Review: Danny Bhoy’s Dear Epson

By Scott Strasser

Danny Bhoy’s 90-minute stand-up comedy special Dear Epson is a brilliant blend of social commentary and classic British cynicism. A comedy veteran who has spent the majority of his career touring the world, Bhoy returns to Canada after a successful cross-country tour in 2013. With Dear Epson, Bhoy has come back with arguably his most polished act yet. The show is proof that hilarious comedy can still have multiple layers of social significance.

Like all good observational comedians, Bhoy moulds his narrative into a discourse that will not only make you laugh, but also persuade you to see the irrationality of the world through his eyes. He blends typical observational humour with sarcasm to bring a performance that is both hilarious and poignant. Bhoy’s great story-telling skills, likeability and repeated aptitude in using call backs — the comedic practice of referencing a joke from earlier in your set — are testaments to his skills as a comedian. His ability to handle hecklers (of which there were unfortunately many) illustrated his mastery of his craft. His popularity with the crowd was felt right from the moment he stepped on stage. His informal appearance and relaxed attitude made the Scot immediately likeable. His ability to pander to the Calgarian audience, through references to the Calgary Flames, weather and our notoriously high orange juice prices were also ways he was able to gain the audience’s trust.

Dear Epson is not your typical stand-up show. Throughout the 90 minutes, Bhoy uses a series of complaint letters he has written to people from his past to illustrate the absurdity of many social situations. The majority of the letters are addressed to various companies from whom Bhoy has purchased products. The letters centre on the contemporary marketing practices of these companies. Epson Printers, Gillette, Olay and British Airways are the corporate targets of Bhoy’s frustrations, but he also includes a letter to his junior high school woodworking teacher and a few other individuals from his past.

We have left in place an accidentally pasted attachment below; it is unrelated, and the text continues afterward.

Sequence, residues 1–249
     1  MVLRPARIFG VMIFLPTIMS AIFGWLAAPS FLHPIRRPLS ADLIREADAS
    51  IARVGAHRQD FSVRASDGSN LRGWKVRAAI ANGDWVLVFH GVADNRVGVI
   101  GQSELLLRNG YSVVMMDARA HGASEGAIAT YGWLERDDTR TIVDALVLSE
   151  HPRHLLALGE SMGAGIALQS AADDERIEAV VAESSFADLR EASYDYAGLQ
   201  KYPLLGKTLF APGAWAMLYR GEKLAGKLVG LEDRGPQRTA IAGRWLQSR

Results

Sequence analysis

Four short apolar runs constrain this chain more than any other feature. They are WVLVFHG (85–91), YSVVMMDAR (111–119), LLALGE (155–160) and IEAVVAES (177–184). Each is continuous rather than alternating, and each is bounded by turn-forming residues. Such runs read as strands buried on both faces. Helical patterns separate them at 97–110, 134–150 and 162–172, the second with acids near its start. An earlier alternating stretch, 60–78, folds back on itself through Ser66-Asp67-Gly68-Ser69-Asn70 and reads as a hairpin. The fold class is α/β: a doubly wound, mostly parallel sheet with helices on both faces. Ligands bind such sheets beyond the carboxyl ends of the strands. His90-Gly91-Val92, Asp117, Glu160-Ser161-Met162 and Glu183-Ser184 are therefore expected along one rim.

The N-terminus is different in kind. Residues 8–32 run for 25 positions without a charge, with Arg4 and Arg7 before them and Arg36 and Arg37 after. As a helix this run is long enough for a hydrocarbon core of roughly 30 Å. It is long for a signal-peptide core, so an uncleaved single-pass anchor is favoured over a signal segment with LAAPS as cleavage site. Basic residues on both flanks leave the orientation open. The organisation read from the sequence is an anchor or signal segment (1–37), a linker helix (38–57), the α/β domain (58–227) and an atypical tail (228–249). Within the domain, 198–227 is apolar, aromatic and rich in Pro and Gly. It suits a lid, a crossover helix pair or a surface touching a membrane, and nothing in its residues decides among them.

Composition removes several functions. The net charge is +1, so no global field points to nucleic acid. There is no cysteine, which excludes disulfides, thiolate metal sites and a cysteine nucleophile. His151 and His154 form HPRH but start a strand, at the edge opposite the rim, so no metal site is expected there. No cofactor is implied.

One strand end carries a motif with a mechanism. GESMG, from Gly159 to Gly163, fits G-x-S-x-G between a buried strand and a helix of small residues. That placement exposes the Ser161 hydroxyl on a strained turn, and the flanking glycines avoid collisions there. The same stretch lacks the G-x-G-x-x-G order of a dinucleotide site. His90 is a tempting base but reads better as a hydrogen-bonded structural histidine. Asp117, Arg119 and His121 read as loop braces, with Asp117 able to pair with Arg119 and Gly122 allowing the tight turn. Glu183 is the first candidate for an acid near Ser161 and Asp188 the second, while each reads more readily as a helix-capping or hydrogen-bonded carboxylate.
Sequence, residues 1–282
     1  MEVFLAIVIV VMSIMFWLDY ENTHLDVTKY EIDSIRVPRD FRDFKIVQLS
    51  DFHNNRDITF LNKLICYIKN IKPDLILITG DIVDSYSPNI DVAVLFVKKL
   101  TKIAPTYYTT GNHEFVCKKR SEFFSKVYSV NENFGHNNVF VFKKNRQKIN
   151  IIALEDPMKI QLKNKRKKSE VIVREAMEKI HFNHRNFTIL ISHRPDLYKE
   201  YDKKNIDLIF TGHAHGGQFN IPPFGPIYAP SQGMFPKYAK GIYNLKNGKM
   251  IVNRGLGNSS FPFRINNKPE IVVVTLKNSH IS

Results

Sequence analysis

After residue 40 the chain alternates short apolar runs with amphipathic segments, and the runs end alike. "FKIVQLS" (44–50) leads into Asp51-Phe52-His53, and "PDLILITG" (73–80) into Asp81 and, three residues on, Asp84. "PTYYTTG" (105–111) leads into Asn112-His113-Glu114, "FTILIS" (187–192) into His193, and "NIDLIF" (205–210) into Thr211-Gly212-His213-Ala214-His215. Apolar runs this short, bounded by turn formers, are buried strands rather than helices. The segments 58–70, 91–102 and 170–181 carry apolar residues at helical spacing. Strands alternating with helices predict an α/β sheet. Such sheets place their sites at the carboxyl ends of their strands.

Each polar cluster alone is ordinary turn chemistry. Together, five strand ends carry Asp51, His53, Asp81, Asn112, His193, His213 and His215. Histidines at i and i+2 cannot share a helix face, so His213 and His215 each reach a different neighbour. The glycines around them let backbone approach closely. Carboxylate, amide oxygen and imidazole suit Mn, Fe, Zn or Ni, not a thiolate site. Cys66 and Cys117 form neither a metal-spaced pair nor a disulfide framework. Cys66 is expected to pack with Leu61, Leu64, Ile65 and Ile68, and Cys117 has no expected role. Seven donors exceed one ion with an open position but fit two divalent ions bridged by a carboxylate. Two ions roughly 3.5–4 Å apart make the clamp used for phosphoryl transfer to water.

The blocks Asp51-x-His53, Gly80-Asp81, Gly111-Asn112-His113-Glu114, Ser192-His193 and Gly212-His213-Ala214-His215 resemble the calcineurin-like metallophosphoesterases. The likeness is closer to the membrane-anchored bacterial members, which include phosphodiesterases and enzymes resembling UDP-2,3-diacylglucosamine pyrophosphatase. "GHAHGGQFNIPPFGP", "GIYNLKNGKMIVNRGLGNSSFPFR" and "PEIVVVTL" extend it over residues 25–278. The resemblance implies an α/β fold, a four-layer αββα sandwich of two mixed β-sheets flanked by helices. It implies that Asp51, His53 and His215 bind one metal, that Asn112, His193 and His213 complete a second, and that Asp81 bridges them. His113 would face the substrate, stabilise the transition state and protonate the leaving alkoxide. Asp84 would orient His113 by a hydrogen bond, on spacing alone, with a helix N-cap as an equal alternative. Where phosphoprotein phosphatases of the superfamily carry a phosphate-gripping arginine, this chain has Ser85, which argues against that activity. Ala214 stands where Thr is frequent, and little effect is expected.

Interestingly, Dear Epson does not have an opening act. Bhoy is introduced immediately and after a few minutes of warming up the crowd with some typical front-row banter, gets right into the heart of his material. His first letter to Epson Printers (hence the name of the show) was arguably the funniest and seemed the most polished section of the performance. While the show does not exactly pick up steam from the strong introduction, it definitely does not falter. Bhoy keeps the crowd laughing with his next round of letters and jokes. The show is sprinkled with Bhoy’s perspectives on life, love and history. His musings on such topics as European currency, puzzling inventions and the history of the candle help supplement the show with strong material.

The final letter, addressed to Bhoy’s 13-year-old self, provides a touching yet still entertaining conclusion. Using aspects from the other letters, Bhoy brings everything from the show together and gives it a well rounded sense of closure. As I expected, the crowd showed their appreciation by giving Bhoy a well deserved standing ovation.

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